We here at Faygoluvers.net know Twiztid fans are usually super happy to read/view new interviews regarding them. Shortly before Twiztid was to meet and greet the fans who had paid for the Majik Ninja Entertainment’s VIP experience at the X-Ray Arcade in Cudahy, Wisconsin, Far Out Magazines’s Mike Milenko had a quick chat with one half of ‘The Demented Duo,’ Jamie Madrox of Twiztid. Mike caught up with Madrox, as he was still energized from the fans’ ecstatic reception to the Generation Nightmare tour; another addition to the MNE trophy cabinet.
Here’s a snippet of Far Out Magazine’s new interview with Jamie Madrox:
Mike: You’ve just finished performing for The Vans Warped 25th Anniversary Tour, that must have been amazing?
Jamie: Yeah it was. The last show Twiztid performed at was in San Francisco, California on 21st July. It was awesome to be invited back. The first time we went on the cross country tour earlier this year, it was amazing and we felt like we became part of the Vans Warped Tour family, so when they actually invited us back one more time to celebrate the end of it, man, we felt honoured, it was just an amazing feeling.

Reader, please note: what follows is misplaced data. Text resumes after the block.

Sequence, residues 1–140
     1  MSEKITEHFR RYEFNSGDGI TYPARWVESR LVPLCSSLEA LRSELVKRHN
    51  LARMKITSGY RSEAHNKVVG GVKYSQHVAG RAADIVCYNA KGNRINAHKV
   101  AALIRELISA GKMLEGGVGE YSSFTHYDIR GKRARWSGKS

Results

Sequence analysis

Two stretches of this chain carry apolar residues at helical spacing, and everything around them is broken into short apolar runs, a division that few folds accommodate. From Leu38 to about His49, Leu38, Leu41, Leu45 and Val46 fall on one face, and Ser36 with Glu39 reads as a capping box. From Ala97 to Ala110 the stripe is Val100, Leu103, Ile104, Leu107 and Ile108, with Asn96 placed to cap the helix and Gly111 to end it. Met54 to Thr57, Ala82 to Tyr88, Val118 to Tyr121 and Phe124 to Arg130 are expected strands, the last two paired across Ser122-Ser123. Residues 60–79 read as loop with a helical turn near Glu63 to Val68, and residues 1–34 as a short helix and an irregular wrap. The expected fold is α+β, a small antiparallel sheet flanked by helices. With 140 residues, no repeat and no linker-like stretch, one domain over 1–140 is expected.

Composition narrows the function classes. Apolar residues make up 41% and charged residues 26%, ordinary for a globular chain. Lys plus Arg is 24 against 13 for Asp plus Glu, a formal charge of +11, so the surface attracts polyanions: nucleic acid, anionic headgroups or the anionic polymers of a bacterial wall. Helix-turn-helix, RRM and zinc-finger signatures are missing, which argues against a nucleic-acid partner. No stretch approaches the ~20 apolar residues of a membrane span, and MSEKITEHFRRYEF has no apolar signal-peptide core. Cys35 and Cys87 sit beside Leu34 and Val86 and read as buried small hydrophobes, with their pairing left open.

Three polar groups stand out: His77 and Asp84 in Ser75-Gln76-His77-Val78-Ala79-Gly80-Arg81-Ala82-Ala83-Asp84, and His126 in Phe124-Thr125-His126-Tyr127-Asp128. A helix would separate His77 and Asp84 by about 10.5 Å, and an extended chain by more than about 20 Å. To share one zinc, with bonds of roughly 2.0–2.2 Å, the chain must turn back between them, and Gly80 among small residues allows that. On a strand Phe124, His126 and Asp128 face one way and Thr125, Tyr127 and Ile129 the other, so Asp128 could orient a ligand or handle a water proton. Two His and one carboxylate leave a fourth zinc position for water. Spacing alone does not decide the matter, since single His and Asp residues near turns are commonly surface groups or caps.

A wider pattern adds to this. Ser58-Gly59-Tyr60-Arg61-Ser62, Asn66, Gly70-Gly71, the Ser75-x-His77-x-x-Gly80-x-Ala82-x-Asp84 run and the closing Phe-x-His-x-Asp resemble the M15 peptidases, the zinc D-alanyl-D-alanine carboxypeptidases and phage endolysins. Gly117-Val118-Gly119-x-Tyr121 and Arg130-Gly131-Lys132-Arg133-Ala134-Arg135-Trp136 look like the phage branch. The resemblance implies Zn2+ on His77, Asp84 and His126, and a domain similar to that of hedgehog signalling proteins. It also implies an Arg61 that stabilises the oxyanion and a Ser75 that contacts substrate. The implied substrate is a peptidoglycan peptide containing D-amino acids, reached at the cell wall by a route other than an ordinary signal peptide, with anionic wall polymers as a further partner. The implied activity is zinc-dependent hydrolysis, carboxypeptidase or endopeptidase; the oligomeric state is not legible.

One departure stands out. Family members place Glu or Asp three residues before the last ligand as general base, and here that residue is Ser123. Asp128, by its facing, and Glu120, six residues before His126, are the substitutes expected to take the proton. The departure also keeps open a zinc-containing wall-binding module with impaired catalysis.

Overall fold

M: With your new album ‘Generation Nightmare, we see you’re constantly evolving your music with new flows, new styles and different face paint, what direction are you headed and what is next for Twiztid?
J: I don’t know, the only thing I can say for certain is that the evolution will continue. I think that one thing we are blessed to be able to do is to be ever evolving and ever changing because Paul and I are not very complacent, we like to grow and we’re firm believers that it’s not fair to give your listeners the same record with a different cover and a different title. I’ve seen a lot of people in the industry do that and it’s disheartening to me because as a fan of some of those people, I look for them to grow as well, you know, I wanna grow with them. I know that a lot of people are afraid to take those valiant efforts and those changes and put them into play because, you know, that kinda shit can kill a career, but kudos to those who actually take a chance and evolve.